Fate of N-15-Labeled Potassium Nitrate in Different Citrus-Cultivated Soils: Influence of Spring and Summer Application
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AutorQuinones,Ana; Martínez-Alcántara,Belén; Miguel Martinez,J.; Angeles Forner-Giner,M.; Iglesias,Domingo J.; Primo-Millo,Eduardo; Legaz,Francisco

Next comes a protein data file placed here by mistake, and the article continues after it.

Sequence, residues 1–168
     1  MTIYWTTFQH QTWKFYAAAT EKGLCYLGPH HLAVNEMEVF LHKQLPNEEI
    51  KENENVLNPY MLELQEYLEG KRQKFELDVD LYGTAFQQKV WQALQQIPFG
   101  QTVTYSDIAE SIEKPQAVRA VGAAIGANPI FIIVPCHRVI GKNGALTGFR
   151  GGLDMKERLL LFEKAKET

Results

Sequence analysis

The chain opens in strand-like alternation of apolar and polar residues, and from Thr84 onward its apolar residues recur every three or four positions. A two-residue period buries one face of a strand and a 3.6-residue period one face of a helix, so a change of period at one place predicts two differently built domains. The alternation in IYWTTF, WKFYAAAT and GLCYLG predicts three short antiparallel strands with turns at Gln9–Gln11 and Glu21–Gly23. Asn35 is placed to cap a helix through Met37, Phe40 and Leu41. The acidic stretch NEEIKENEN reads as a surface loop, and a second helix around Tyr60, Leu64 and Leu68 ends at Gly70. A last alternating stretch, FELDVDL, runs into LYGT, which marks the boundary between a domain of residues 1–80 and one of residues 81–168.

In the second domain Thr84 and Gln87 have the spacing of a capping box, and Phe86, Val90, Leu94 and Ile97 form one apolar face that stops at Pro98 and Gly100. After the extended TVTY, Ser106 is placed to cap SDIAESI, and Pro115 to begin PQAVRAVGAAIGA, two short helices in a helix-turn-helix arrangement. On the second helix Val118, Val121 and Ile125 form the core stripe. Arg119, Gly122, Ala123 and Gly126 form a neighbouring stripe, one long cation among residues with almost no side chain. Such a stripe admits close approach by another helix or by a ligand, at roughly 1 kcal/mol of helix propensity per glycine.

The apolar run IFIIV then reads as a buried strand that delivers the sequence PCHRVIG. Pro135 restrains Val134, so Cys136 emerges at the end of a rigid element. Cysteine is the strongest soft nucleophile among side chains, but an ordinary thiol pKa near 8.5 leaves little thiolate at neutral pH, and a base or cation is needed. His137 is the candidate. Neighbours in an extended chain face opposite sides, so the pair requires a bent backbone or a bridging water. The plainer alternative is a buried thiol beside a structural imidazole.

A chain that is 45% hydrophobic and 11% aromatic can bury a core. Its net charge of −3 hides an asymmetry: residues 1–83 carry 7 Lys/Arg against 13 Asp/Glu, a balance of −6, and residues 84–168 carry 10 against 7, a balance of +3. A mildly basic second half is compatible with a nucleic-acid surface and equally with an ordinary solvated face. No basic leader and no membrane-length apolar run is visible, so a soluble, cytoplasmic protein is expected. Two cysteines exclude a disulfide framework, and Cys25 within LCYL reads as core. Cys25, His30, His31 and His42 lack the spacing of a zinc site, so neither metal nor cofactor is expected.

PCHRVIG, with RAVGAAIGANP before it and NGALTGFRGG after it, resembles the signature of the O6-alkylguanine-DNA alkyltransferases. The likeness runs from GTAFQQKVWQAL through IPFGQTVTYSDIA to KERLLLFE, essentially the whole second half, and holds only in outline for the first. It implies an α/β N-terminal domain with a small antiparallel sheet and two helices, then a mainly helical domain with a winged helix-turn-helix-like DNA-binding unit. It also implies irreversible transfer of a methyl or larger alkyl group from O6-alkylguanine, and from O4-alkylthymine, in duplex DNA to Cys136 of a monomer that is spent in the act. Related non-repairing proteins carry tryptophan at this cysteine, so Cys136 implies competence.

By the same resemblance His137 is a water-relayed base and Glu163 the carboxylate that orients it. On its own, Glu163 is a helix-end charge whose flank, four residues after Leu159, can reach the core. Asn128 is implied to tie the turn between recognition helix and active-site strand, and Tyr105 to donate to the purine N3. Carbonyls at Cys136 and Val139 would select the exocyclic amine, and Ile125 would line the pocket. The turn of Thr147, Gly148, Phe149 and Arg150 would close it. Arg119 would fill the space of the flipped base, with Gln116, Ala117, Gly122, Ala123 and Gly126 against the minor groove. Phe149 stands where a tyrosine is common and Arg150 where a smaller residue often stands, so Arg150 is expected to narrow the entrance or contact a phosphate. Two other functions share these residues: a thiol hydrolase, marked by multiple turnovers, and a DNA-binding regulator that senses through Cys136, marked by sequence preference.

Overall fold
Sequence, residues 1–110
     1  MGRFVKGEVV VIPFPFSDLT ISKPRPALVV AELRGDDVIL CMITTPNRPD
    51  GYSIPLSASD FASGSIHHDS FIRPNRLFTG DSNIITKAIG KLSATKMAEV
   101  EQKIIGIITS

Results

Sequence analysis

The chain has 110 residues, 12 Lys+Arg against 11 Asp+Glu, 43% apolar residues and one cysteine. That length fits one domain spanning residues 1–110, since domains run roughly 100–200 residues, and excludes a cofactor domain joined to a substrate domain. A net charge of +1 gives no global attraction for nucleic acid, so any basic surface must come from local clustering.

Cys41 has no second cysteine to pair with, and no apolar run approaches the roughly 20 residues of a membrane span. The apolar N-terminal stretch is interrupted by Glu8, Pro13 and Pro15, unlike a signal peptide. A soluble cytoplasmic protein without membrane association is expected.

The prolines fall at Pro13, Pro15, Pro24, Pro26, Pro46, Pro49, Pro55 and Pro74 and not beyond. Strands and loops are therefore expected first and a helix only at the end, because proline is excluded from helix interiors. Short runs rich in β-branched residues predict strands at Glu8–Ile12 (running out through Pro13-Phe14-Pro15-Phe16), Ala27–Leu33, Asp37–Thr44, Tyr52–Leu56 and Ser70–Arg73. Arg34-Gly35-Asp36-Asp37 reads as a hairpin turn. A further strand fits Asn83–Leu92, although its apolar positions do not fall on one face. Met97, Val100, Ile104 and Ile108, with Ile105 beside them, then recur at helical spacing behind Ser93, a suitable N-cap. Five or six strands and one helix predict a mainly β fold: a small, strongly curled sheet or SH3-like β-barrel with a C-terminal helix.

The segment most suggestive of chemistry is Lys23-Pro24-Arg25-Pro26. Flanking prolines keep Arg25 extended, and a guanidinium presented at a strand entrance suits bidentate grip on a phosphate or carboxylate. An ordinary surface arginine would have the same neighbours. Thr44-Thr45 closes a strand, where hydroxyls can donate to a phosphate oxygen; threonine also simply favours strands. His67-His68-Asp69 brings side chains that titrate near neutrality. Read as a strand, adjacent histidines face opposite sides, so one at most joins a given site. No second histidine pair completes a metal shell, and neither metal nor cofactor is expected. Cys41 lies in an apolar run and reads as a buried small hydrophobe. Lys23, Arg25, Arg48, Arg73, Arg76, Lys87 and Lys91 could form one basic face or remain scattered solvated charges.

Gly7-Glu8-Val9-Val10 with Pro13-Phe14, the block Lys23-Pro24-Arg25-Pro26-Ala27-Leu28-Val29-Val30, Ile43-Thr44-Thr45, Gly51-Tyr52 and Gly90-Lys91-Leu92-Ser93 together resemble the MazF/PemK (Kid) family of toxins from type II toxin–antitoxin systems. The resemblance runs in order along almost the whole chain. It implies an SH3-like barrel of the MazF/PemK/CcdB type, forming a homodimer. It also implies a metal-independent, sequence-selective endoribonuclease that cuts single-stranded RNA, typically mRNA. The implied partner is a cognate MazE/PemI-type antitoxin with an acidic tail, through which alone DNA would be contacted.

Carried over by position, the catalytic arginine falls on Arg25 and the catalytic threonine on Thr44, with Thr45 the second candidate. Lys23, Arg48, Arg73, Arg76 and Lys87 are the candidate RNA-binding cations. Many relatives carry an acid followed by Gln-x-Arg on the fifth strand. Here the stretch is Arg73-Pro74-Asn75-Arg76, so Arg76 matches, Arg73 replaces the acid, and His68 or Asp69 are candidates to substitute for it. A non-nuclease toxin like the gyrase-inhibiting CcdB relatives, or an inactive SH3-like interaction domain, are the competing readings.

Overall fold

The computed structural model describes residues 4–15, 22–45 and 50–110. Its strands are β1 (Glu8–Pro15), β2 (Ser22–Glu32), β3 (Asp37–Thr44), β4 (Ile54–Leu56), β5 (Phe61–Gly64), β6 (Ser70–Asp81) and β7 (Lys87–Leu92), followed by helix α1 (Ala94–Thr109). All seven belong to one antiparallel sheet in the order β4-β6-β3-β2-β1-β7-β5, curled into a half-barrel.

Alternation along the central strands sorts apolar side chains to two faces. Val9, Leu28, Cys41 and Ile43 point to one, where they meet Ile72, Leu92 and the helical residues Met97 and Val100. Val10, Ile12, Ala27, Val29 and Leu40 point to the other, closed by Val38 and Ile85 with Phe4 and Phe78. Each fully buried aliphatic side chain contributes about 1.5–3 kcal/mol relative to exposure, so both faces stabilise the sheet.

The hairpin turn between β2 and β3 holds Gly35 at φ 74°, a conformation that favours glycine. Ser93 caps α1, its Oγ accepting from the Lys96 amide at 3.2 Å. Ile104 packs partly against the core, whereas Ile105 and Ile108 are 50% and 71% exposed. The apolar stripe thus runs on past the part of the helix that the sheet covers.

The fate of N-15-labeled potassium nitrate (8.5% N-15 excess) was determined in 3-year-old Valencia orange trees grown in 1-m(3) containers filled with different textured soils (sandy and loamy). The trees were fertilized either in spring (24 March) or summer (24 July). Spring fertilized trees gave higher fruit yields in sandy than in loamy soils, which exceeded summer fertilized trees in both cases. Summer fertilized trees had greater leaf biomass than spring fertilized trees. Fibrous root weight was 1.9-fold higher in sandy than in loamy soil. At the end of the cycle, tree N recovery from spring application was 45.7% for sandy and 37.7% for loamy soil; from summer fertilization, N recovery was 58.9% and 51.5% for sandy and loamy soils, respectively. The N-15 recovered in the inorganic soil fraction (0-90 cm) was higher for loamy (1.3%) than for sandy soil (0.4%). Fertilizer N immobilized in the organic matter was lower in sandy (2.5%) than in loamy soil (6.0%). Potential nitrate leaching from fertilizer ((NO)-N-15 (3) (-) -N in the 90-110-cm soil layer plus (NO)-N-15 (3) (-) -N in drainage water) was 34.8% higher in sandy than in loamy soil. The low N levels in sandy soil resulted from both higher NO (3) (-) -N leaching losses and higher N uptake of plants grown in the former. The great root mass and higher soil temperatures could account for raised plant N uptake in sandy soil and in summer, respectively.